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Thursday, July 9, 2015

Shark Encounters with Kayakers

“Is it safe to go kayaking in the ocean?”

After seeing an episode on shark week where a shark has been hunting or stalking a kayaker off Cape Cod, I thought why not blog about sharks this week. I tend to be obsessed with the Great White shark, ever since the 1975 release of "Jaws." I was only five years old when this movie was released in the theater, and I can remember my mom talking about this movie after she and my dad went to see it. I was eight by the time I watched "Jaws" and have been obsessed with these sharks ever since I saw the movie. The movie caused not only fear in me toward water but also an obsession with water, if this makes any sense.

Once when I was twelve, I went swimming for the first time in the ocean, and I just got into the water and took off swimming. When I turned around to see where I was, I realized I had swum quite a distance from shore, and there was no one else around me. All of a sudden I had a sickening feeling in my stomach and the water from below rushed me. The only thought that came into my head was, "Swim as fast as you can for the shore and never mind what is behind you." Scared and exhilarated more than any other time in my life, I swam so fast I felt like I was floating on top of the water.

That was the last time I swam in the ocean. I realized that I needed to respect the ocean as there are bigger things than me in there and that day when I swam in the ocean scared me to the point of not really wanting to swim way out into the ocean again. I now just stick to rivers and lakes and just dip my toes in at the edge of the ocean. Living in California for 20 years has allowed me to see the beautiful Pacific Ocean and to wade or dip into many different beaches, but I never swim in the ocean because I don't want to take any chances. Besides California is full of the Great White Shark the mother of all sharks and these sharks can eat you whole.

Loving sharks like I do, I am always reading the shark siting's and laugh at how many people in kayaks seems to be attracting a shark's attention, especially, that of the Great White. Over the years, Kayaking has become a very popular activity used for enjoying a stroll over the ocean or to fish. According to the "Outdoor Foundation,” Kayaking as a recreational activity has grown up 32% in that last few years.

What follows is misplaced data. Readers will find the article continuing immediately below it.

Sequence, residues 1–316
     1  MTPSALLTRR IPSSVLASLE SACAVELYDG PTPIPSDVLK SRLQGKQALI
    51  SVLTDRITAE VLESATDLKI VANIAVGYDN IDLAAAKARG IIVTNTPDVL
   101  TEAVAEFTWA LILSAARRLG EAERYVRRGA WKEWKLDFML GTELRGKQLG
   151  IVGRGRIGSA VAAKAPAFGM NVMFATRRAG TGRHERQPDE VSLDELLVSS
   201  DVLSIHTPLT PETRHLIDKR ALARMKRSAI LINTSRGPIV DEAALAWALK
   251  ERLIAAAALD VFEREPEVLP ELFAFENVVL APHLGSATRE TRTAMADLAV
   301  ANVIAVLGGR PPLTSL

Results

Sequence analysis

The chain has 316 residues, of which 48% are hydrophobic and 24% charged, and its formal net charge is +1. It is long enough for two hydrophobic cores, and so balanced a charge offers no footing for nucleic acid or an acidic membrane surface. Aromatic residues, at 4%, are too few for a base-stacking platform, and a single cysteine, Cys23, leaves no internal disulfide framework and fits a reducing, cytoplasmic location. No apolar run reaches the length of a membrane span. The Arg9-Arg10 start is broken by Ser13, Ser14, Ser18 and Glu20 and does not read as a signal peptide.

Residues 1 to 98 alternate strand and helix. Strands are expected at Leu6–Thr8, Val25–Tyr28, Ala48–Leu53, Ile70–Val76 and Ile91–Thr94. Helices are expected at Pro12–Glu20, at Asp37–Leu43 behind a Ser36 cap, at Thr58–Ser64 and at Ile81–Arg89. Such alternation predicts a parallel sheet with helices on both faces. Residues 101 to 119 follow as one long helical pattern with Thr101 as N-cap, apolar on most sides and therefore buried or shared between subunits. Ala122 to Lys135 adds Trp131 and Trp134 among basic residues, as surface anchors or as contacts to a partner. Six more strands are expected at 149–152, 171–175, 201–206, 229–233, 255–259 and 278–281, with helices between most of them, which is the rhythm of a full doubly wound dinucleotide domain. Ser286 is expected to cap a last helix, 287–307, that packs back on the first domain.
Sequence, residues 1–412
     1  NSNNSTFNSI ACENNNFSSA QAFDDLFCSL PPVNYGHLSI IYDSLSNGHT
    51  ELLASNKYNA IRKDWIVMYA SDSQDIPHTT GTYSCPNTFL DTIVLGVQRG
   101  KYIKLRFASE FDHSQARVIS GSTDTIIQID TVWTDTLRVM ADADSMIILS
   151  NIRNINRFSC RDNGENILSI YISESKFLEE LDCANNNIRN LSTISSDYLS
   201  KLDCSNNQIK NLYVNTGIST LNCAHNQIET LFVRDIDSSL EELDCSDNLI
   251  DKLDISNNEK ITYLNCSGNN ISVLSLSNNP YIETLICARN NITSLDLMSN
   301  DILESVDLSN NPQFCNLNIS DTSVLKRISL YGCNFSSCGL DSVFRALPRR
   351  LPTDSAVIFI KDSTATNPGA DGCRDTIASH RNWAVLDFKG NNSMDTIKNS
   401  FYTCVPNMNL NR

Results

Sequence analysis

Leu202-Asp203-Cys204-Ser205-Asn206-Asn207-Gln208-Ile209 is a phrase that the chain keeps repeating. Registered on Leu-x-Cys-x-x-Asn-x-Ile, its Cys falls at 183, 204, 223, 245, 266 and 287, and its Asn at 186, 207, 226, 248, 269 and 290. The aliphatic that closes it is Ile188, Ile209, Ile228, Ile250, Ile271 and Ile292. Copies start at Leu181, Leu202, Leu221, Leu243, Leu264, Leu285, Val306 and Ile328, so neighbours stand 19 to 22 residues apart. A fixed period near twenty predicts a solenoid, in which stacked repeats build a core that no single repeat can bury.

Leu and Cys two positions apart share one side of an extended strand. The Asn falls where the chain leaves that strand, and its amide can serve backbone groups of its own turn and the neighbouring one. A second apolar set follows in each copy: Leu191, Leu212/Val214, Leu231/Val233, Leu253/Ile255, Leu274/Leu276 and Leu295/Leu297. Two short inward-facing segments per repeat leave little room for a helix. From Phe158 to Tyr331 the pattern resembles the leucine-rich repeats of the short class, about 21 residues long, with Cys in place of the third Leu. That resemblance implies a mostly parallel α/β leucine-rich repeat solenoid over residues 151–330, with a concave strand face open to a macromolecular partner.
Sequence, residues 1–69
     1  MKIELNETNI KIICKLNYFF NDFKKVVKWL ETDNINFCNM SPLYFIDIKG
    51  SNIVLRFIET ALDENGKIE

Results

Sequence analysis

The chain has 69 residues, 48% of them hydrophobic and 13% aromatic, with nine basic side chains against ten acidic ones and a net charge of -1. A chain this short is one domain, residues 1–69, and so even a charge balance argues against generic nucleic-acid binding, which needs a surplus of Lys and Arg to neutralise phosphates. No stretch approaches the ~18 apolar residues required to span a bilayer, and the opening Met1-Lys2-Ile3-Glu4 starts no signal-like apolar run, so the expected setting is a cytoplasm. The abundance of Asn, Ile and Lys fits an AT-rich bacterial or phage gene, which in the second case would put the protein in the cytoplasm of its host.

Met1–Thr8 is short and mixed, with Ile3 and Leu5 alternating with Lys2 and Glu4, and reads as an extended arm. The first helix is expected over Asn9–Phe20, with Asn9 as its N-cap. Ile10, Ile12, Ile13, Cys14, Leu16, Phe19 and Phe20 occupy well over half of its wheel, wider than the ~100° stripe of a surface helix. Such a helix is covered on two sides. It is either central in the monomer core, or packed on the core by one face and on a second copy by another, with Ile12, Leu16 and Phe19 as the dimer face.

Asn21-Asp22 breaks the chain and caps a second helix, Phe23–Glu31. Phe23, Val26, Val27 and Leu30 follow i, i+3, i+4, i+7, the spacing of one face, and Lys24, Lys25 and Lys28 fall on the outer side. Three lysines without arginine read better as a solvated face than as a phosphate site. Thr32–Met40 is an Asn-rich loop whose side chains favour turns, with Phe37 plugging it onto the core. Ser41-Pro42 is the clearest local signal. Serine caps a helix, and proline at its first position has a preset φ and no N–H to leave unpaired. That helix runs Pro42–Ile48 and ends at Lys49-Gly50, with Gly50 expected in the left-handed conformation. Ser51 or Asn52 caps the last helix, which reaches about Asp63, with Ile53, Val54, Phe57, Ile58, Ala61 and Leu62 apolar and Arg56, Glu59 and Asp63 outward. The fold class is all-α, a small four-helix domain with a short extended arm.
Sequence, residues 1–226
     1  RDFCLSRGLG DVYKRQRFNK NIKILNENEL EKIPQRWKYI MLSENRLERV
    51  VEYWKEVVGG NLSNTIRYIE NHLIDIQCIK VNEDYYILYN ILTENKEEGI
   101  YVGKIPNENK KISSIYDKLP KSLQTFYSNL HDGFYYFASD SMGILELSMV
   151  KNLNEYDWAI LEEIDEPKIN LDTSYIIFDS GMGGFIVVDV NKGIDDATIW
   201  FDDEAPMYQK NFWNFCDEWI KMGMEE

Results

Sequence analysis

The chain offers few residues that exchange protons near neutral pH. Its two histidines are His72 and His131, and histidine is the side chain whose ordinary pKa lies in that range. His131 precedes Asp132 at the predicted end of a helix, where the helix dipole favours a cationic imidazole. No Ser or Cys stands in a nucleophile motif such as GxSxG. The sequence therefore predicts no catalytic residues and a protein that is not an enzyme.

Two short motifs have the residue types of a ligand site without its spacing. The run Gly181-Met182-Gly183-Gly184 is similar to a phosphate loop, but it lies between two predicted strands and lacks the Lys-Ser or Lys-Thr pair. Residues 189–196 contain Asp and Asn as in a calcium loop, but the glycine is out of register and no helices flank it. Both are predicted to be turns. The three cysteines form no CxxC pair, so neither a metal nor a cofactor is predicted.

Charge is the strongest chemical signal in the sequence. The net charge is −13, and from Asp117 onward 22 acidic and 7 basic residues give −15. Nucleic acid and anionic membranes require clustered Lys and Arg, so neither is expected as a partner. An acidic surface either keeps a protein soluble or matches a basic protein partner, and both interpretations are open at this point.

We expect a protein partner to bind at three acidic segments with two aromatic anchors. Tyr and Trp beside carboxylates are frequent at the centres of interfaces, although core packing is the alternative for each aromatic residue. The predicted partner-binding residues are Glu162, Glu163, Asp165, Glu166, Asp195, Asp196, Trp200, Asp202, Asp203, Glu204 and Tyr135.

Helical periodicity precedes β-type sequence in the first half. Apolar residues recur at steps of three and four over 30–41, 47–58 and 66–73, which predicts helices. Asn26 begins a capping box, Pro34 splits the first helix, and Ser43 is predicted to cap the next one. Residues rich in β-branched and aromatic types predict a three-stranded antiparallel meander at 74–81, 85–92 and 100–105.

Kayaks being smaller than other boats allows users to venture into areas that bigger boats wouldn't allow. Attacks on Kayakers seem to be slim, but it is important to be prepared at all times.

In 2012, a California Kayaker was attacked by a Great White. Joey Nocchi, 30, of Paso Robles, California was attacked by a shark while he was kayaking just south of San Simeon State Park. Nocchi stated that the shark came from underneath the kayak hitting the bottom of the object lifting it out of the water. According to witnesses of the attack, the shark came out just like "Jaws" with eye rolled into its head and jaws wide open ready to engulf anything that slid into the mouth. The shark was about 15 feet long. Nocchi was dumped into the water when the shark hit his kayak. He was then able to swim back to shore and get out the water safely.

In 2013 a Hawaii  kayaker was killed while out on his kayak. The attack took place half a mile off a point near "Little Beach" in Makena State Recreation Area on the island of Maui. The man was not kayaking alone and was with a friend, and the two were fishing for baitfish when the shark bit one of the victim's feet that was dangling in the water. Losing much blood led to the death of this victim. This reminds us of the importance to keep all body parts inside the kayak while fishing, how's the shark to know it's not bait?

March of 2014, a man whom was fishing in Florida waters had an encounter with a bull shark as it came up to grab the fisherman's grouper. In this case it seems the shark is most interested in the food that was in the water. When you fish you are more likely to attract a shark that may attack to get to the food you are fishing for and you could end up on the menu. The fisherman was fine although the grouper was eaten by the shark.